Headline writers, crash blossom victims need your help

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A headline from today's BBC News: "Knife crime: St John Ambulance to teach teens to help stab victims."

Way back in 2009, headlines with ambiguous syntax were dubbed "crash blossoms," after members of a copy editor forum noted the headline, "Violinist linked to JAL crash blossoms." But journalists enjoyed collecting such specimens long before that. The Columbia Journalism Review published an anthology of ambiguous headlinese in 1980 with a title that is a classic of the genre: Squad Helps Dog Bite Victim.

Like that old chestnut, the BBC News headline causes problems because the words following the verb help can be interpreted differently depending on how the parts of speech are parsed: bite in dog bite victim and stab in stab victims can be construed by readers as verbs instead of the intended nouns.

Another crash blossom involving help is a headline from the (UK) Times noted by Mark Liberman in 2017: "Queen Mother tried to help abuse girl." The ambiguity in that one is heightened by the fact that it involves the type of noun-noun compounding often seen in the British press (sometimes extended into spectacular noun piles). Understanding the headline requires knowing that abuse girl refers to a particular girl who was abused. At least the noun-noun compound in the latest BBC headline, stab victims, is a common collocation. But given that the complement of the verb help can begin with either a noun or the bare-infinitive form of a verb, readers have to decide on the fly which part of speech an ambiguous word like stab belongs to. Headline writers might help their audience by being more aware of the crash-blossom potential of help.

(h/t Katy Moon and John Self via Twitter)


  1. ErikF said,

    May 7, 2021 @ 8:01 pm

    Today the CBC put out a headline "Sexual assault training now required for new federally appointed judges" (https://www.cbc.ca/news/politics/law-training-sexual-assault-1.6017711) that gave me a similar feeling, although I didn't know that people were actively trained to assault people outside of maybe the military.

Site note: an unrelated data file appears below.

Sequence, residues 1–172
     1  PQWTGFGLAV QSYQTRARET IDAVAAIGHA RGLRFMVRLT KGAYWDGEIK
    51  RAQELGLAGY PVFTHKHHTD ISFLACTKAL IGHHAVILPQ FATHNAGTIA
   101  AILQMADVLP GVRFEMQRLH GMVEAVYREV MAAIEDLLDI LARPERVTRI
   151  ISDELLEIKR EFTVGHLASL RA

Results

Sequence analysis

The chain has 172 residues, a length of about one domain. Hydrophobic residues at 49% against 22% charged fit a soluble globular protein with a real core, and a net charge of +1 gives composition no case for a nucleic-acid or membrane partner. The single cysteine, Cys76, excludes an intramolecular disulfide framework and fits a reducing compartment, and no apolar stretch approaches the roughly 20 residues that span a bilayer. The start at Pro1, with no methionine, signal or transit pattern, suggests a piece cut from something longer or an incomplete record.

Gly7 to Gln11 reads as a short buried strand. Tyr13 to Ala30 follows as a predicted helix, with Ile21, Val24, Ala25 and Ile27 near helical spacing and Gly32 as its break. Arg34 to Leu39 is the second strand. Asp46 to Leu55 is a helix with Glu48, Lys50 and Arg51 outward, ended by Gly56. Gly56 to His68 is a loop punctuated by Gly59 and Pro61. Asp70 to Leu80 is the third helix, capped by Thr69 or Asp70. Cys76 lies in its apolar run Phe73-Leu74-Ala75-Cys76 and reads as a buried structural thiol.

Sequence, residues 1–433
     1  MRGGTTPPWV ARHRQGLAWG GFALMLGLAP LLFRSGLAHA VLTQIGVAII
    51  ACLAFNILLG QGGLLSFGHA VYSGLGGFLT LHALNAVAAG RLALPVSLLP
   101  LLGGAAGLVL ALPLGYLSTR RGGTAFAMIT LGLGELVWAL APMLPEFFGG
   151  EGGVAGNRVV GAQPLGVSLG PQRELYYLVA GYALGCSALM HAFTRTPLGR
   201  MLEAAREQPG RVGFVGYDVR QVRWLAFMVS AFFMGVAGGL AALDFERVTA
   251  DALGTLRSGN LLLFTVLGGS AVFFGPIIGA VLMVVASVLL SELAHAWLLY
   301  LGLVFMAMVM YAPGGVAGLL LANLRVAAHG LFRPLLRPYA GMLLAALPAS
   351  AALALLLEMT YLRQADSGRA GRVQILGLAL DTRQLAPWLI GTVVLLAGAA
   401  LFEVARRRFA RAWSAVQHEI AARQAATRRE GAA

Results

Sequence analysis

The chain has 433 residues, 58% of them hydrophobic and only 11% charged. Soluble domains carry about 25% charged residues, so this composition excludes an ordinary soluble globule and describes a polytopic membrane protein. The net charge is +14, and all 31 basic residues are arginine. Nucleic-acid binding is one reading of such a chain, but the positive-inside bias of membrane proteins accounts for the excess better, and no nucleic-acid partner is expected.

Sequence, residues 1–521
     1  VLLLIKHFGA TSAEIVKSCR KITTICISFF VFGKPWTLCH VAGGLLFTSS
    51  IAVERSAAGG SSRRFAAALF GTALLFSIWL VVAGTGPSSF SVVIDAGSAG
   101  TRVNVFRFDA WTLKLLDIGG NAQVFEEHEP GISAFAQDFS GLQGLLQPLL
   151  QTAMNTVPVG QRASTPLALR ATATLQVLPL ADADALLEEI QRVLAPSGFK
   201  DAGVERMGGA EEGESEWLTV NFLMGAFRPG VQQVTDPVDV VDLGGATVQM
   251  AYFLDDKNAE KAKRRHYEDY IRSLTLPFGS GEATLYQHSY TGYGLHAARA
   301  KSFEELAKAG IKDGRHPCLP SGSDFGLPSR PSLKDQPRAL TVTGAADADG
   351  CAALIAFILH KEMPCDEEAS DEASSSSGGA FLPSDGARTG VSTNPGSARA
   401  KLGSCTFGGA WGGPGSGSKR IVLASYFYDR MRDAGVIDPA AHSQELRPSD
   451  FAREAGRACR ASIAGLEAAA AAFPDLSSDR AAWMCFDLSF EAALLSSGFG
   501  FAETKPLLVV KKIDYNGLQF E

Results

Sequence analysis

2. Garrett Wollman said,

    May 7, 2021 @ 10:13 pm

    If the BBC subeditor had just used the gerund, "…to help stabbing victims", there would have been no ambiguity. And unlike with a newspaper edited for print, there is no length limitation on web headlines. But presumably the subs at the Beeb have experience editing for newspapers and collocations like "stab victims" come naturally to them.

  3. cameron said,

    May 8, 2021 @ 1:34 am

    Of course they know that "stabbing victims" would remove the ambiguity. I very much doubt any native speaker never employed by a newspaper would ever say "stab victims" rather than "stabbing victims" in that kind of context.

    But funny ambiguous headlines make people link to a story on the Facetubes, and whatnot, so such traditional headlinese crash blossoms are just another kind of clickbait at this point

  4. Chris Partridge said,

    May 8, 2021 @ 2:49 am

    In the UK the legendary examples all date from WW2 for some reason, eg “Monty Flies Back to Front’ and my personal favourite ‘British Push Bottles Up Germans.’

  5. /df said,

    May 8, 2021 @ 3:42 am

    Even "stabbing victims" doesn't really help with the ambiguity. Consider:

    "I'm so busy stabbing victims that I need help stabbing victims."

    But "victims of stabbing(s)" or "knife victims" have a chance.

  6. David Morris said,

    May 8, 2021 @ 6:55 am

    With the usual provisos about Google as a research tool, Ngrams shows the usage of 'stabbing victims' about double that of 'stab victims' and a general Google search shows 119,000 for "stabbing victims" and 86,900 for "stab victims".

  7. Peter Taylor said,

    May 8, 2021 @ 7:12 am